Whether or not you need to get additional “catastrophe” coverage depends on where you’re located. Some states might not require any additional coverage, but if you’re in a place that’s highly susceptible to certain kinds of calamitous weather, the SBA might require you to get a hazard policy that covers losses from things like wind, hail, or earthquakes.

An important note: If you’re getting an SBA loan to finance new construction or to make improvements on a leased property, your policy should specify that your lender can collect insurance payouts if those improvements are damaged.

2. Liability insurance

Liability coverages protect your business if your activities result in injury or damage to others property, or if you’re ever sued by a third party, which is why SBA lenders require proof of liability insurance  before they’ll sign off on a loan.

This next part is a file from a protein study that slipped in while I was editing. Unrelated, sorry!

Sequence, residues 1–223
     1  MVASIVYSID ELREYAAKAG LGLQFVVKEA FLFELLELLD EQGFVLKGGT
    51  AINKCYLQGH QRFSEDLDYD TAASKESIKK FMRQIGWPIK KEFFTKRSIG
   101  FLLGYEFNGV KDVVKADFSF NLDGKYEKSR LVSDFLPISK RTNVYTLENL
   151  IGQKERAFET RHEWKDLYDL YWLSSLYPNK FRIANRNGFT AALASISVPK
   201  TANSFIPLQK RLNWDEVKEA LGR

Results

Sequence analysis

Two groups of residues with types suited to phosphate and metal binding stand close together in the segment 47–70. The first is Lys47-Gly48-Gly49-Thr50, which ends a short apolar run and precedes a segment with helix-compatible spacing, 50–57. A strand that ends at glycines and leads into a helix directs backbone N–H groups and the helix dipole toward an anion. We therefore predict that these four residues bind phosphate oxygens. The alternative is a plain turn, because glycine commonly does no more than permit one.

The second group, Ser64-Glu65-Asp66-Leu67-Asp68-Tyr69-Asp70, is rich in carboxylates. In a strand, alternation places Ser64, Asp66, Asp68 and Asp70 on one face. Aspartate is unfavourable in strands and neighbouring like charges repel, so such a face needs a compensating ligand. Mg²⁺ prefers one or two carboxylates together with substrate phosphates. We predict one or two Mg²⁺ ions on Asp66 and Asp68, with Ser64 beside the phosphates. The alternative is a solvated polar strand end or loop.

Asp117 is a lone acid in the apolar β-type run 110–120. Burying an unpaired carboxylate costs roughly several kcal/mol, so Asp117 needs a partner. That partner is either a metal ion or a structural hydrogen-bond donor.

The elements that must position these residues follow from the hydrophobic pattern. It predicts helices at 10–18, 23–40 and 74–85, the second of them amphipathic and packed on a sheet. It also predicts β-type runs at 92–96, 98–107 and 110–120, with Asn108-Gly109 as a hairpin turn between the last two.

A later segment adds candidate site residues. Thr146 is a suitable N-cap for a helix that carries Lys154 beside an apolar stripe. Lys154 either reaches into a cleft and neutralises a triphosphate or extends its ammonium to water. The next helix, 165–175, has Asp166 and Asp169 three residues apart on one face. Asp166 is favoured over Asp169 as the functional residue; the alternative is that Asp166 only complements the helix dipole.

Which liability insurances will you need? That depends on your business and location. So let’s quickly go over the most common kinds of liability coverage your SBA lender might ask for:

General liability coverage protects your business if your activities result in injury or damage to others property, or if you’re ever sued by a third party.

Protects you and your business if you make an error, omission, or similar mistake in your work which creates a loss or damage for a client.

Protects you from the costs associated with injury or property damage caused by an intoxicated person, who was served or sold liquor by your business.

  • Product liability insurance

Protects your business if one of your products ever causes damage or personal injury, and may cover expenses of recovery  in situations where a product needs to be recalled.

As you might expect, your SBA lender needs to be listed as an additional insured on any required liability coverage. (The other thing to know? You can get liability coverage in about 5 minutes—it’s easy and 100% online.)

3. Workers' Compensation

Workers’ compensation insurance (sometimes called workman’s compensation or, often, just workers’ comp) protects not just your employees, but also protects your business from financial losses if one of your workers ever gets sick or injured on the job. Put simply: Workers’ comp pays medical bills, wage replacement, and ongoing disability support.